Government officials told reporters that no money or data was lost as a result of the cyberattack and that an attempt to breach the networks of Ukraine’s SBU security service had been repelled. Still, the attacks cost the country millions, officials said.
And while the foreshadowed Russian invasion did not materialize, neither did the display of defiance and solidarity Mr. Zelensky had called for.
There were extra yellow-and-blue flags hanging from government buildings in Kyiv, but most residents went about their day as usual.
A few dozen people did assemble Wednesday morning in the capital’s central Independence Square, known locally as the Maidan. They hoisted flags and sang the national anthem, Ukraine Has Not Yet Perished.
Ruslan Bilayev, the founder of a local drone company, waged a personal battle to keep the country’s spirits up. With Reuters running a live YouTube feed of the square – apparently in the expectation that it might capture some kind of military action – Mr. Bilayev and his team piloted one of their drones in front of the camera, with an cardboard sign attached that read, “Garage for Sale,” above the phone number of the Russian embassy in Kyiv.
But the mood was more nervous than defiant.
Taras Berezovets, a political analyst, said people were afraid to gather in large numbers. “Any public gathering, political rally, whatever, would be very dangerous. … There could be some provocations, not to mention the danger of a terrorist attack,” he said.
“We’re in a state of war. It’s not officially declared, but still.”
Russia remains capable “of a full-fledged invasion of Ukraine without any warning time,” NATO secretary-general Jens Stoltenberg said.
With no sign of either an advance or withdrawal by Russian troops, Ukraine was left to discern if the ongoing encirclement constituted a genuine threat of engagement or just an extravagantly expensive tactic to press Mr. Putin’s agenda upon Europe.
“These recent days, we are really terrified of the war,” said Alla Muliar, a 17-year-old linguistics student who came to the Maidan Wednesday.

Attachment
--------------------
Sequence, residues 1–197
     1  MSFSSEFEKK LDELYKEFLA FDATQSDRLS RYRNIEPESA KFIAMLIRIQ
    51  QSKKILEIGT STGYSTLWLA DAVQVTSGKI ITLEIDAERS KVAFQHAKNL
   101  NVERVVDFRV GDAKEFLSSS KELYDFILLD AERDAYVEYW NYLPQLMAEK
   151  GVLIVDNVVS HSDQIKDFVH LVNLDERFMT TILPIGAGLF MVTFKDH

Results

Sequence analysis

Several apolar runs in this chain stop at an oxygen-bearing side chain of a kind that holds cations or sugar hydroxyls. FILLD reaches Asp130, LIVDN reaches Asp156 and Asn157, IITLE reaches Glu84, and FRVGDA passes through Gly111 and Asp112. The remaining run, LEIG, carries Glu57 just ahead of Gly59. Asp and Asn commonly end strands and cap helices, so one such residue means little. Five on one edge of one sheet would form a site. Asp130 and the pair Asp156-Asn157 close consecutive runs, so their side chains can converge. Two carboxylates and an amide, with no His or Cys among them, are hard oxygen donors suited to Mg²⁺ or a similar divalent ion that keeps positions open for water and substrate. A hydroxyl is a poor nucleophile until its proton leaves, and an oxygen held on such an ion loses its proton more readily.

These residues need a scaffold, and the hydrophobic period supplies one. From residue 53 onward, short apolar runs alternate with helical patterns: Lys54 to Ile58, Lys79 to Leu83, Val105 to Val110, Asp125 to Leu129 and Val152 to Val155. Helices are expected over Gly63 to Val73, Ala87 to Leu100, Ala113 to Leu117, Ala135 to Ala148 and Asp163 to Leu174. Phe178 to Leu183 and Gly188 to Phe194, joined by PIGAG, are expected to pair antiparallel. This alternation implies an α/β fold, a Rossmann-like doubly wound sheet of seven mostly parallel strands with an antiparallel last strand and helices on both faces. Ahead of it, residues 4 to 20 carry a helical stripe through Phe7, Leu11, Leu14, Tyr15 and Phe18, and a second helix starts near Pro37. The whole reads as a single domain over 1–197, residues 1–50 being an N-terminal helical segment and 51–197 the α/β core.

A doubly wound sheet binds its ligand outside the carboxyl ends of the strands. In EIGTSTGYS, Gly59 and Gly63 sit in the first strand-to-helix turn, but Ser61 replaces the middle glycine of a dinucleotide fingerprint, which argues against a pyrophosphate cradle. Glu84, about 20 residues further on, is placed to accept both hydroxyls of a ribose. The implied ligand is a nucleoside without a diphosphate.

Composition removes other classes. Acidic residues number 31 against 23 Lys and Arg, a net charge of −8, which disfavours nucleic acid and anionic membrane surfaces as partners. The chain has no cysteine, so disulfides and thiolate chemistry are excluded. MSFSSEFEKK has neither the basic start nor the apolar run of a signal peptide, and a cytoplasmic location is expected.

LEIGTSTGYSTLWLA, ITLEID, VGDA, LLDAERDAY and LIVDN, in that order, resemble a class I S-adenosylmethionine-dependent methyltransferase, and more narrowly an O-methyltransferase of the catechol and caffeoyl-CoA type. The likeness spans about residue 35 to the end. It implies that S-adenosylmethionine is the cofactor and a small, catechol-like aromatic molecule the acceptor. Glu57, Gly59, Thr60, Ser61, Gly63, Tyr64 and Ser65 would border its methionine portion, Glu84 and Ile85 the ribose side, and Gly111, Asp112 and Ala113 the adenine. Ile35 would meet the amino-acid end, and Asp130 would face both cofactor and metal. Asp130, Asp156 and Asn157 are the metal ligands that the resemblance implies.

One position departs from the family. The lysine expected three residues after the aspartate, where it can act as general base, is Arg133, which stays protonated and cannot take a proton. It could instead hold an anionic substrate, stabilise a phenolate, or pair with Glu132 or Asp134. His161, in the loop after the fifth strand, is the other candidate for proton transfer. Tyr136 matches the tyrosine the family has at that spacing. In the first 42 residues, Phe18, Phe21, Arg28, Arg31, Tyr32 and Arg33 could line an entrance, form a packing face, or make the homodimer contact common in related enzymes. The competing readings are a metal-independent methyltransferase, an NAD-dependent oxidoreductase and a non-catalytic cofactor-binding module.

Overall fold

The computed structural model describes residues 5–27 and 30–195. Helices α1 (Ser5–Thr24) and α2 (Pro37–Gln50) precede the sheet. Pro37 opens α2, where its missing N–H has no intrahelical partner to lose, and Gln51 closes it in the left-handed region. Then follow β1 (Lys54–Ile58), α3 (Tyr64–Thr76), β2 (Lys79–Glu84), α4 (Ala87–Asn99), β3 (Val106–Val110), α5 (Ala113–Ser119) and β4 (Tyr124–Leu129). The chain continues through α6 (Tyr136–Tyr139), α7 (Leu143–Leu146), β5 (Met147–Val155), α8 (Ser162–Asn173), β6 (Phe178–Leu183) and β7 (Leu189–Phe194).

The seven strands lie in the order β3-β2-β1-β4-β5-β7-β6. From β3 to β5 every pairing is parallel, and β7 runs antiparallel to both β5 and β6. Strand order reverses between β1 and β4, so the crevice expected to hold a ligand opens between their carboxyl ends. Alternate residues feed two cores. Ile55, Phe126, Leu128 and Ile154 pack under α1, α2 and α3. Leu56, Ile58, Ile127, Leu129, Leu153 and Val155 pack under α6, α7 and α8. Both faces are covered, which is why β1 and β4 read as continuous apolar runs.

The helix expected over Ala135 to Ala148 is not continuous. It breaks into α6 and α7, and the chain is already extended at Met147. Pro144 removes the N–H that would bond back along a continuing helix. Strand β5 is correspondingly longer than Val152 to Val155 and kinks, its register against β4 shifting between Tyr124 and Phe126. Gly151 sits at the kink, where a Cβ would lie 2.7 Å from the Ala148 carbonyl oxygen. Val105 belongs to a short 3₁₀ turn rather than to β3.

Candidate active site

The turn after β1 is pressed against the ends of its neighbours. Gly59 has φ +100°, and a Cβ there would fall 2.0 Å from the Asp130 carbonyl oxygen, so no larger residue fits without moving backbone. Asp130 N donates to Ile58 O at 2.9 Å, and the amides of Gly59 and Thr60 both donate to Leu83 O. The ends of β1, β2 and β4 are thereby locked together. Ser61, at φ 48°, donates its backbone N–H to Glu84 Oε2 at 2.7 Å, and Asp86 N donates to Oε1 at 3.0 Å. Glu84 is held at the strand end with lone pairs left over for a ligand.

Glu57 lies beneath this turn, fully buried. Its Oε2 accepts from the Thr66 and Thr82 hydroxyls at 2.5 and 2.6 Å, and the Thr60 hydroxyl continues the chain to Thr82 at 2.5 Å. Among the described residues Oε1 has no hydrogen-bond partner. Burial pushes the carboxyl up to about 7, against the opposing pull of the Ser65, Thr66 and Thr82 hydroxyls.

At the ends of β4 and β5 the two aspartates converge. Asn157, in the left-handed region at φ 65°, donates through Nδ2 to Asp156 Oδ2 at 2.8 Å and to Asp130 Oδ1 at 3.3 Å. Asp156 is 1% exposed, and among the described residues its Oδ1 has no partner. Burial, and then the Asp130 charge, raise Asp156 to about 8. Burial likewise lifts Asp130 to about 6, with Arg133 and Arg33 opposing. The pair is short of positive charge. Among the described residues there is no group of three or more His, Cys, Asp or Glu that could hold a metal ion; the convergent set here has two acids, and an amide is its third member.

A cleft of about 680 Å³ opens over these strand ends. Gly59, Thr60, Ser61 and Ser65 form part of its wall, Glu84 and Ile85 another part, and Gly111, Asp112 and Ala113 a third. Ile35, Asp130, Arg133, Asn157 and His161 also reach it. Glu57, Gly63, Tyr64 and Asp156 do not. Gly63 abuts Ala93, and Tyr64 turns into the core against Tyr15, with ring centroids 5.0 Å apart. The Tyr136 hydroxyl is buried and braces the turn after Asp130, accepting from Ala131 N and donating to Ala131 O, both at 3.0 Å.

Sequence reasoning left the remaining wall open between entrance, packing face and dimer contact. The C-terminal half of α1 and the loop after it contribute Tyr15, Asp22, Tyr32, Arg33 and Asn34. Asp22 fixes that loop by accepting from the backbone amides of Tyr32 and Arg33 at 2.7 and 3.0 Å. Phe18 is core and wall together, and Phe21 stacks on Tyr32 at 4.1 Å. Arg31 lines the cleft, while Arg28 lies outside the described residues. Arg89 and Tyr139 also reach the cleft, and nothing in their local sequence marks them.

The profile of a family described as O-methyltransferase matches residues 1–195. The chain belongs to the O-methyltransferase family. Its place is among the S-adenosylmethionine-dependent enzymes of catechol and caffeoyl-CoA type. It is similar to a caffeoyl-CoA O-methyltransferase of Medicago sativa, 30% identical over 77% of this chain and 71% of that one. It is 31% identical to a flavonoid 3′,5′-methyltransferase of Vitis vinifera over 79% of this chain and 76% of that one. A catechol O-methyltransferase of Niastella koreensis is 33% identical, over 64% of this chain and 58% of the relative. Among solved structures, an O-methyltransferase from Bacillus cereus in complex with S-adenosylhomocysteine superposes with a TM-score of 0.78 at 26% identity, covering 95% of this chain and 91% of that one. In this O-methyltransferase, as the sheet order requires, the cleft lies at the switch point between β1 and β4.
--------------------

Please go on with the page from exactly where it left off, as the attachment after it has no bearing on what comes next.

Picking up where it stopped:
“We are a little bit confused and don’t know what to do.”
It hasn’t helped that the western airlift of new munitions has been accompanied by the withdrawal of Canadian, U.S. and British military trainers from Ukraine.
The newly arrived technology includes NLAW and Javelin anti-tank systems, M141 anti-bunker munitions, Stinger surface-to-air missiles and countersniper complexes, the latter supplied by Canada and designed to detect and locate shooters. That hardware is more capable than the Soviet-designed weapons Ukraine has traditionally used.
But the sudden arrival of new technology has put weapons in the hands of troops who don’t know how to use them, said Lieutenant-Colonel Ivan Gulenov, one of the country’s top experts in anti-aircraft defence.
The military is training troops to use the new weapons, “but because of the limited number of instructors, we cannot overload them.
“We need help,” Lt.-Col. Gulenov said.
It’s a vulnerability the country’s leaders have not been eager to highlight. The live-fire war games created a spectacle of lethal force, an attempt to draft a message in rockets and artillery: Ukraine possesses the necessary weapons and is prepared to use them if it is attacked.
“Beautiful exercise,” Mr. Zelensky told the troops after the smoke had cleared.
He then thanked them for “protecting our state.”
“Watching you,” he said, “makes us have faith in tomorrow, and today as well.”